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4-year PhD Studentship: Apolipoprotein E-targeted stem cell gene therapy for people with Alzheimer’s disease

   Faculty of Health Sciences

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  Dr Kevin Kemp, Prof Patrick Kehoe, Prof James Uney  No more applications being accepted  Self-Funded PhD Students Only

About the Project

Alzheimer’s disease (AD) is a devastating progressive neurological disease, and a major increasing global health challenge. Polymorphism in the APOE gene, giving rise to the E4 isoform of apolipoprotein E (apoE4), is recognised as the most significant genetic risk factor for developing AD (1), and is strongly related to both increased Aβ levels and neuroinflammation in the brain (2). While carriers of APOE4 are more likely to develop AD, APOE2 offers protection against the disease (3). Gene therapies that might be able to lessen the impact of APOE variation in contributing to AD, represent a major unmet clinical need and are urgently required.

Haematopoietic stem cell (HSC) gene therapy approaches, involving genetic modification of transplanted or circulating HSCs, have been shown to prevent disease progression in patients with genetic diseases affecting the CNS and immune system. Using lentiviral vectors, we will develop a CNS targeted HSC-gene therapy to alter the APOE genotype of the AD protective microglia-like cell population in the brain (4). To ameliorate the pathogenic effects of the APOE4 isoform, we will genetically manipulate microglia-like cells to deliver and secrete therapeutic apoE2 that can be taken up to cross-correct neurons and other key cell types affected in AD.

Aims and Objectives

Aims/Objectives: The principal aims of this research project will be to develop a clinically relevant gene therapy protocol for stable APOE delivery to isolated HSCs and their immune cell progeny; determine the efficacy of APOE2-modified microglia-like cells to reverse neurological features of AD; and define mechanisms by which APOE2-modified microglia-like cells reduce Aβ burden and prevent neuronal and synaptic loss.

Key Hypothesis: A CNS targeted HSC-gene therapy approach, to alter the APOE genotype of the microglia-like cell population in the brain, offers a novel highly translatable therapeutic intervention in people with/or at risk of AD.


Supervisors will provide the student with training and technical skills in their specialised disciplines (stem cells, gene therapy and dementia research), which will deliver a unique multidisciplinary PhD training. The student will carry out several experimental work packages to address the research aims/objectives:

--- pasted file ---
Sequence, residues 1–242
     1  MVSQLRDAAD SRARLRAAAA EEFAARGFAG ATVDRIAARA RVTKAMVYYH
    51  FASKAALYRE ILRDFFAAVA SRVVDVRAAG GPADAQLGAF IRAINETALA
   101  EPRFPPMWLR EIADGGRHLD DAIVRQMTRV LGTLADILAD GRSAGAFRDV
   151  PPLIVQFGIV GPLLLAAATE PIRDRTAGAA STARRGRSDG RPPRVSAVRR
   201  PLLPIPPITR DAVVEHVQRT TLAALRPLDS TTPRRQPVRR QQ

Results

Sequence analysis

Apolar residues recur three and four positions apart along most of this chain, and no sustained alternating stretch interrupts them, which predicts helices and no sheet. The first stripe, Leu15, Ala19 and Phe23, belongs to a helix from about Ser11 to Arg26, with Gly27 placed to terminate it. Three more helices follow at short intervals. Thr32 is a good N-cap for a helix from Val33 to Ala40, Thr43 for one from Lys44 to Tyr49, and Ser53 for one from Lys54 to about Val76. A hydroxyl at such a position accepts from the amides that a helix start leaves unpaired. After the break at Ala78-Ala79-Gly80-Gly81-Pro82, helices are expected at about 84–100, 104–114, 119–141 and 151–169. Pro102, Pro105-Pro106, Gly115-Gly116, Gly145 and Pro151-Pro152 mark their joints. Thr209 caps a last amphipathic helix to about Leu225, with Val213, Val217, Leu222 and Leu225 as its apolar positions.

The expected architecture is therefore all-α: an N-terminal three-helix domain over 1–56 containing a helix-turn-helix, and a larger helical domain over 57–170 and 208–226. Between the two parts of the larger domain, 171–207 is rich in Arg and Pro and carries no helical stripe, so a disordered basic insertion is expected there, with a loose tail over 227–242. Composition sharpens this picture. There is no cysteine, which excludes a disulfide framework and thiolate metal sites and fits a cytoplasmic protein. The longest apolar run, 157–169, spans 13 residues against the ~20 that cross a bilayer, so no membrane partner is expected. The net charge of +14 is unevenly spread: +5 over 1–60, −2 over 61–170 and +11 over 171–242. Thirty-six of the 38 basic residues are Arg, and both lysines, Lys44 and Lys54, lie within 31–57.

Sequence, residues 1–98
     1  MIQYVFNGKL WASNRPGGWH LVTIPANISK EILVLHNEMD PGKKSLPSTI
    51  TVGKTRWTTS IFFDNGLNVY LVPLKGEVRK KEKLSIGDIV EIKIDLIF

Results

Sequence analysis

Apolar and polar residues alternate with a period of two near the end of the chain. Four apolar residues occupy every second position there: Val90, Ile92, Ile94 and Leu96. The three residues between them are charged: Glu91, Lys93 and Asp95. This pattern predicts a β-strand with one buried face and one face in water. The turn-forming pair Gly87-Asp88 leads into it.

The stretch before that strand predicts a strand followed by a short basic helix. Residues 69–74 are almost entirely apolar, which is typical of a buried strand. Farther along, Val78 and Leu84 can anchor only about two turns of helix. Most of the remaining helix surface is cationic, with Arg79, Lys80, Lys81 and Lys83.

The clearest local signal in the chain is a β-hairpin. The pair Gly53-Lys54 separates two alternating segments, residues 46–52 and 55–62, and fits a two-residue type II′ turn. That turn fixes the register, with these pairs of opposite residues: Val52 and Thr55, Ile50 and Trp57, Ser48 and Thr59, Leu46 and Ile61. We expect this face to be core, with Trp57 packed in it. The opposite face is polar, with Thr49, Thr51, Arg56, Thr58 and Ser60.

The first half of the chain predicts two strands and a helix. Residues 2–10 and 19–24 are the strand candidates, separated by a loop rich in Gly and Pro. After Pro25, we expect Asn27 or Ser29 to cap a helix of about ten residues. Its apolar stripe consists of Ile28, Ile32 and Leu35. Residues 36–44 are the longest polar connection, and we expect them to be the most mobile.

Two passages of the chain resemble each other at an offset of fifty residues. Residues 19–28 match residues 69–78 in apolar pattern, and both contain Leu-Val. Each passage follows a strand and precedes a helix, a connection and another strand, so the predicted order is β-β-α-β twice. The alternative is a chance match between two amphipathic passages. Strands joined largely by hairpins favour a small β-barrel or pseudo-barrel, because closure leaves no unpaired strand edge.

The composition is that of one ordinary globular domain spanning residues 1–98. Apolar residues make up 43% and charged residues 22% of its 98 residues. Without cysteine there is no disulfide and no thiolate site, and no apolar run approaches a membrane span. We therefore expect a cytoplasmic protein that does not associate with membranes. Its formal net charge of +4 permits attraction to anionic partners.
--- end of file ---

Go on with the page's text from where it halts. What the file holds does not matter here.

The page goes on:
• Generation of lentiviral vectors. Using state-of-the-art cloning and viral culture techniques, therapeutic 3rd-generation lentiviral particles will be designed and constructed by the student utilising plasmids containing cell-specific promotors, APOE, and reporter genes.
  • Develop a clinically relevant lentiviral transduction protocol for stable APOE2 delivery to human HSCs. Advanced culture techniques will be used by the student to investigate the safety, efficiency, and stability of APOE delivery to HSCs and their immune progeny. The effects of viral delivery on cell proliferation, differentiation, and APOE levels, will be determined.
  • Determine the efficacy and mechanisms by which APOE2-modified immune cells reverse neurological features of AD. Using 2D/3D-culture models of AD, in conjunction with fluorescence imaging systems and high-specification electron microscopes, the student will assess the ability of APOE2-modified microglia-like cells to clear Aβ, modulate immune reactions, and prevent neuron/synaptic loss. Mechanisms of neuroprotection will be assessed using both genomic and proteomic techniques including qPCR, ELISA, and western blotting.


Alzheimer’s disease, Apolipoprotein E, Gene therapy, Haematopoietic stem cells, Neuroinflammation, Microglia.

How to apply for this project

This project will be based in Bristol Medical School - Translational Health Sciences in the Faculty of Health Sciences at the University of Bristol.

Please visit the Faculty of Health Sciences website for details of how to apply

Funding Notes

This project is open for University of Bristol PGR scholarship applications (closing date 25th February 2022)
The University of Bristol PGR scholarship pays tuition fees and a maintenance stipend (at the minimum UKRI rate) for the duration of a PhD (typically three years but can be up to four years).


1. Escott-Price V, et al. Common polygenic variation enhances risk prediction for Alzheimer's disease. Brain. 2015;138(Pt 12):3673-84.
2. Hasel, P., Liddelow, S.A. Isoform-dependent APOE secretion modulates neuroinflammation. Nat Rev Neurol 17, 265–266 (2021).
3. Reiman, E.M. et al. Exceptionally low likelihood of Alzheimer’s dementia in APOE2 homozygotes from a 5,000-person neuropathological study. Nat Commun 11, 667 (2020).
4. Ho Han, K., et al. Migration-based selections of antibodies that convert bone marrow into trafficking microglia-like cells that reduce brain amyloid β. Proc Natl Acad Sci (2018) Jan 16;115(3):E372-E381. doi: 10.1073/pnas.1719259115.
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